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What are we each entitled to in our divorce settlement?

What does the law say about how to split the house, how to share pensions and other assets, and how much maintenance is payable.

What steps can we take to reach a fair agreement?

The four basic steps to reaching an agreement on divorce finances are: disclosure, getting advice, negotiating and implementing a Consent Order.

What is a Consent Order and why do we need one?

A Consent Order is a legally binding document that finalises a divorcing couple's agreement on property, pensions and other assets.


Will Stepson impact on my children''s maintenance?

  • redhotbex
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23 Sep 12 #357422 by redhotbex
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My partner and I are splitting up. We have a 4 and a 2 year old. We are trying to sort out maintenance without going through CSA. My partner and I both saw the same Solicitor for a free 30 minute appointment (pure coincidence). The Solicitor told me 20% and told my partner 13%.
My partner currently pays child maintenance for his 17 year old Son (who is working full-time in the same firm as his Dad at the moment), this maintenace is reduced as my Stepson stays with us 52-103 nights a year.
When my partner moves out, we have agreed that our children should stay overnight 52-103 nights a year.What percentage of his net income should he pay for our boys and will paying for my Step-son who lives between our house, his Mother''s and his Girlfriend''s, affect that percentage? Feel like going to CSA for DEO!

  • Fiona
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23 Sep 12 #357435 by Fiona
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Under the current CSA rules there is an allowance deducted from the non resident parent''s income for "relevant" children before the usual calculation is made. A relevant child is one that lives in the NRP''s household and for whom the NRP or their new partner receives Child Benefit (Schedule 1 para 10C Child Support Act 1991.)

If the stepson is working and not in education he won''t qualify for CB and there will be no allowance deducted for him so he won''t be taken into account in the calculation.

Perhaps both solicitors are right. The current CSA rate for two children is 20% of net income minus the deductions for overnight contact with the NRP. In October a "gross income" scheme is due to be implemented and for an NRP earning £200-£800 a week the the rate will be 16% of gross income minus deductions for overnight stays. Initially only new cases will be assessed under the new rules.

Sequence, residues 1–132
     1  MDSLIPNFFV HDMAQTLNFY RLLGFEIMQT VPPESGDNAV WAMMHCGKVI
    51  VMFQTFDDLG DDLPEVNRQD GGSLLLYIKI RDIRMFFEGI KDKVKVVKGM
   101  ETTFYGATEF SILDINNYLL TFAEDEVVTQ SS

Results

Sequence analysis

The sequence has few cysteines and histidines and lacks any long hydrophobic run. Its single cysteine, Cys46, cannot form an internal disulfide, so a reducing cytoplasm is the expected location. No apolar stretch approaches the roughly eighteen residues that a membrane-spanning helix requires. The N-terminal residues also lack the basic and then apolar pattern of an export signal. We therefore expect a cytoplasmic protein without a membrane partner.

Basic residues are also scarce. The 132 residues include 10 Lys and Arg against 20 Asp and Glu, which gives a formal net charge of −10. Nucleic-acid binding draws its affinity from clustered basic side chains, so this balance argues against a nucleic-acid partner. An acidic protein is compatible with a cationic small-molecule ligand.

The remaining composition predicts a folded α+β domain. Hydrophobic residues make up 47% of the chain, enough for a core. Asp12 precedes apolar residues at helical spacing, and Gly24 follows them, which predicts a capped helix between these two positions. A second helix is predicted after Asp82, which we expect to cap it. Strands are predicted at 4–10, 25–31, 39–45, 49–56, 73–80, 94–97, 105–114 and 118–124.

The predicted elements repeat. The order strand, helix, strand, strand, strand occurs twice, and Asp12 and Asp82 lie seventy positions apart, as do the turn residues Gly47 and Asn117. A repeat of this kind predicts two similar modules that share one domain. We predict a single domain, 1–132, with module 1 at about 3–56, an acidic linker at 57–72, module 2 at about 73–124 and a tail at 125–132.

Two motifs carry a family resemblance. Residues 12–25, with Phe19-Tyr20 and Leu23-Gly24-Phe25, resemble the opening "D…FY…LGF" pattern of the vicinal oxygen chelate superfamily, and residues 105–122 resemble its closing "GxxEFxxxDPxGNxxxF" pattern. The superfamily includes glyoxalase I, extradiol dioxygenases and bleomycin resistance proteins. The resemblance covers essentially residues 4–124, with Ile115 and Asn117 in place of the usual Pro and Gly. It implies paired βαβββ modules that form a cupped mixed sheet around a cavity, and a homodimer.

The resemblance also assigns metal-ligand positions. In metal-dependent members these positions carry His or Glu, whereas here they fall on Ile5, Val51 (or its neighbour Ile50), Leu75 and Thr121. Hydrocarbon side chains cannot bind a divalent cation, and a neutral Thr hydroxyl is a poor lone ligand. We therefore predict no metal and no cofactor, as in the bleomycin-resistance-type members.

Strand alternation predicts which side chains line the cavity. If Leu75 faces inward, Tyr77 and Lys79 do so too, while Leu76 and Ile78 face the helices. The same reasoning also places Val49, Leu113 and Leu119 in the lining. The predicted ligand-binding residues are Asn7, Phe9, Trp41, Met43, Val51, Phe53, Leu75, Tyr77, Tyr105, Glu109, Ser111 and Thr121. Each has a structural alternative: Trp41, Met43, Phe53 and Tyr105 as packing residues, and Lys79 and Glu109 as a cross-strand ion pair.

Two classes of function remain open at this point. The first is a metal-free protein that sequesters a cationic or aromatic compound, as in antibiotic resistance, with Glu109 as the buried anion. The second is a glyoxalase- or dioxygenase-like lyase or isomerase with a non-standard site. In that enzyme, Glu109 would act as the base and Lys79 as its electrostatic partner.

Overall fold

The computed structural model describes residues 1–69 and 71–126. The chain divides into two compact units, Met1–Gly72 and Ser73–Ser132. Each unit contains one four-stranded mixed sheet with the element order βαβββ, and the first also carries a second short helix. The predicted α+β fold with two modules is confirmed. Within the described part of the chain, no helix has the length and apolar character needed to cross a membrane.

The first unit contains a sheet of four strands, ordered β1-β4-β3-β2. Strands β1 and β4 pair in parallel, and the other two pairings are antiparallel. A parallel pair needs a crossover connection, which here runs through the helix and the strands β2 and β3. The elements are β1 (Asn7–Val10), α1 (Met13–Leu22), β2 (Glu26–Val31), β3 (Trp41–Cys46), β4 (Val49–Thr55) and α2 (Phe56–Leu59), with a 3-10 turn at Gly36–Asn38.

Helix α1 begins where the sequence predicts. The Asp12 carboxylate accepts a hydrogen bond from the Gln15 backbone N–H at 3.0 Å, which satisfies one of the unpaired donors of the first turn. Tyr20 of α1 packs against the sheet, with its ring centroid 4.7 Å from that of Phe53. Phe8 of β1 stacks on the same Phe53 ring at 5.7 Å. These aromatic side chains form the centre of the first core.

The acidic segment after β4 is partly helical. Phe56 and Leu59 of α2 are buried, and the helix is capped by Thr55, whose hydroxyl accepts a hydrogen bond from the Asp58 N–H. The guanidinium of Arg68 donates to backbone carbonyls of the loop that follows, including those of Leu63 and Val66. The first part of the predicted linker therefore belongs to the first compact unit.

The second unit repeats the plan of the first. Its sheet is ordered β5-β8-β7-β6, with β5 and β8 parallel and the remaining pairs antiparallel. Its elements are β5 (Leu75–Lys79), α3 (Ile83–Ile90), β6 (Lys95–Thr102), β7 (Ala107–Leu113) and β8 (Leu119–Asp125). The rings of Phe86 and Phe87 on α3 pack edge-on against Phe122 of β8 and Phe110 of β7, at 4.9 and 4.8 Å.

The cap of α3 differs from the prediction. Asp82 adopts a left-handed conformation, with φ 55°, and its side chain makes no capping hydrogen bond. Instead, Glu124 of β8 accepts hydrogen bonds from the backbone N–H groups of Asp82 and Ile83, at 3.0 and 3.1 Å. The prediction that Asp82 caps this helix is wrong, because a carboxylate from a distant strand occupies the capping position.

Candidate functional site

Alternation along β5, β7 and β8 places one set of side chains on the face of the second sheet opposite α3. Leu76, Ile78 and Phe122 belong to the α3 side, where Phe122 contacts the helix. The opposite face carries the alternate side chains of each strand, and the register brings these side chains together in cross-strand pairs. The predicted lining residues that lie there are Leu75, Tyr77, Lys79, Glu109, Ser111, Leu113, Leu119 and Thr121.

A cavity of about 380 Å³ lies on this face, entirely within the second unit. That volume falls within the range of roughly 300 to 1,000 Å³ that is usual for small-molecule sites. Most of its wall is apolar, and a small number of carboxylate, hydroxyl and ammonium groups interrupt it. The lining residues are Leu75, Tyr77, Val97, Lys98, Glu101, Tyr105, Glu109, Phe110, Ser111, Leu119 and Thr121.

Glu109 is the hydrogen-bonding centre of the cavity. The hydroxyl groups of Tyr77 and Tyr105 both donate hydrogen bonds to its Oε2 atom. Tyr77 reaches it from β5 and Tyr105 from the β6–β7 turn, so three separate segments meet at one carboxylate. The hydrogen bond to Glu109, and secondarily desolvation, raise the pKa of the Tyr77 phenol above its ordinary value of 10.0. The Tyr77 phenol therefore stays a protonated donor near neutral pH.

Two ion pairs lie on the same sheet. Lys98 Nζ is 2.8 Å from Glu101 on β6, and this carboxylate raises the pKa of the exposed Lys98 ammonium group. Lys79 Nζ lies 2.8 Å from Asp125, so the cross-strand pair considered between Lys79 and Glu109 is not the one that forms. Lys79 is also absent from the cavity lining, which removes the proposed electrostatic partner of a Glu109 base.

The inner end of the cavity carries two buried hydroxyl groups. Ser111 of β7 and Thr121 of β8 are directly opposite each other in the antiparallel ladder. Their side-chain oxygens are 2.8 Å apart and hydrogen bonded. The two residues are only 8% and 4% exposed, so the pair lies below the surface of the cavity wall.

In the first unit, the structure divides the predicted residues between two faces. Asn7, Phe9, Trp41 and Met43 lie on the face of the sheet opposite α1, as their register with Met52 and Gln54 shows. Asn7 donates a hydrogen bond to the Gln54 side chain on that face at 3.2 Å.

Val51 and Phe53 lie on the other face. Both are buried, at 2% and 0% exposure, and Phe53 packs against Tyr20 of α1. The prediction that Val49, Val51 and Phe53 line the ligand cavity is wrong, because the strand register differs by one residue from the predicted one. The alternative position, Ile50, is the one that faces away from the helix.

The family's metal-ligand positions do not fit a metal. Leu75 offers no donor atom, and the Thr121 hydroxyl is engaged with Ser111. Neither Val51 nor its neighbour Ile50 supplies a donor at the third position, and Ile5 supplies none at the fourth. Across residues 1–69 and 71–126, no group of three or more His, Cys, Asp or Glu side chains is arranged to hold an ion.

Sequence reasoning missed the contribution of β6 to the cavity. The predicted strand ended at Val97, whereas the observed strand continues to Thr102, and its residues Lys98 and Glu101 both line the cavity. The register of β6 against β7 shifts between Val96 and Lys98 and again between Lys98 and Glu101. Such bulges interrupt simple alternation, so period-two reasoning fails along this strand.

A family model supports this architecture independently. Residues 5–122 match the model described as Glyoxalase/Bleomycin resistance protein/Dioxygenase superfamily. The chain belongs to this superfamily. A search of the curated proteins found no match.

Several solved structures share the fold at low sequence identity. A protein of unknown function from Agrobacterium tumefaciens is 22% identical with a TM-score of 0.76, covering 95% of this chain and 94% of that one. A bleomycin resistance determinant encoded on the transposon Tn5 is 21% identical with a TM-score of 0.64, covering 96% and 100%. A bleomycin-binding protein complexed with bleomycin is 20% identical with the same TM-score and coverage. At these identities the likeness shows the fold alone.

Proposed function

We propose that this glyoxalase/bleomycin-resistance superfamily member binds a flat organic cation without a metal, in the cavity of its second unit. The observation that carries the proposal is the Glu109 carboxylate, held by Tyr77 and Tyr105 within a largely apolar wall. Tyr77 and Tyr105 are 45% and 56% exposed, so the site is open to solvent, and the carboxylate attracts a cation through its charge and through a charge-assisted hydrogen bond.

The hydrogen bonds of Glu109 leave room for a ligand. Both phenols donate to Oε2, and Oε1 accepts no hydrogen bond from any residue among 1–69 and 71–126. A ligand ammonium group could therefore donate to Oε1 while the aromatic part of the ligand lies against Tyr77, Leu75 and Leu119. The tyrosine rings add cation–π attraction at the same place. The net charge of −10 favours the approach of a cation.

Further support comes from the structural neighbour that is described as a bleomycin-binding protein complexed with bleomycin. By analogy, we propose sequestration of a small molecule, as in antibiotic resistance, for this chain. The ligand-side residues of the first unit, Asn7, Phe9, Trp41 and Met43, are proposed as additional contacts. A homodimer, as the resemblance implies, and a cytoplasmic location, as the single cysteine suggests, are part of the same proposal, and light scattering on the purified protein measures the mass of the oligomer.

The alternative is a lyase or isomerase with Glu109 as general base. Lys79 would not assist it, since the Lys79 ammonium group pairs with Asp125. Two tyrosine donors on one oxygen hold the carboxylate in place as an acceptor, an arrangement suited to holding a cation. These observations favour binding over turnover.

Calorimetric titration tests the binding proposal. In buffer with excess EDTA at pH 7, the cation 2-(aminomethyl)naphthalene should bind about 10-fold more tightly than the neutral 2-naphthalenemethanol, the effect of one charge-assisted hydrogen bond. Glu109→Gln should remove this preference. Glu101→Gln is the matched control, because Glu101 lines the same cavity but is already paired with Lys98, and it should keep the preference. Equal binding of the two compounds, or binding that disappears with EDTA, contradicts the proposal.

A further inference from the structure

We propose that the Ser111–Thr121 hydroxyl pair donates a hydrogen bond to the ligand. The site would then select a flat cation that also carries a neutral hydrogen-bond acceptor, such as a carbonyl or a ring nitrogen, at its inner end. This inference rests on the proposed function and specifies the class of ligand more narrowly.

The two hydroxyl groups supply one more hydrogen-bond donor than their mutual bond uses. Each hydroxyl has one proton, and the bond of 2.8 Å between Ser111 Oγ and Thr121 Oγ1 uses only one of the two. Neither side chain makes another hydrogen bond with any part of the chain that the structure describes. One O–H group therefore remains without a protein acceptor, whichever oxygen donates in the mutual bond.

There is evidence that people are more satisfied with arrangements they make between themselves and are more likely to stick to agreed arrangements.

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23 Sep 12 #357456 by redhotbex
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Thank you for that...just to clarify, under the new scheme, the calculation would be 16% of the GROSS income (not NET), less deductions for overnight stays?

We are keen to to keep the maintenance arrangments between the two of us, you hear so many horror stories, and based on the accounts I''ve heard, the CSA are totally incompetent. Aside that, a friend of ours was hounded by the CSA for £000s that he had already paid to his ex (but never got receipts for), this resulted in the guy taking his own life! Terribly, terribly sad.

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25 Sep 12 #357788 by Child Maintenance Options
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Hello

Thanks for your post.

It''s good to hear that you''re willing to co-operate with your partner. You''re clearly keeping the welfare of your children in mind, which is a great start.

I understand you''re thinking of setting up a family-based arrangement. If you feel that you can reach an agreement with your partner, then a family-based arrangement might be the best option for you, in the short-term and the long-term too. Family-based arrangements give you the flexibility to agree between you what counts as child maintenance, and to change your agreement as your children get older or your circumstances change.

As far as amounts go, you can get an idea of how much would payable through the CSA, using the child maintenance Options calculator. You could suggest to your partner that you use this figure in your family-based arrangement and set up a standing order for that amount.

The CSA Assessment is calculated by applying a strict formula to information supplied by parents about areas such as earnings and other income, number of children maintenance is being paid for, level of shared care and whether the non-resident parent has any other children he is supporting in a new household.

Under child support legislation, regular child maintenance payments must be made until a child is 16 years old, or 19 if they are in full-time education (A-level or equivalent), or for as long as Child Benefit is being paid. If your partner''s son is no longer in further education he won''t qualify for Child Benefit and therefore child maintenance will not be payable.

For more information about a family-based arrangement and access to useful tools and forms online you can visit www.cmoptions.org, or if you''d prefer a confidential chat you could call the child maintenance Options team on 0800 988 0988 (free from a landline).

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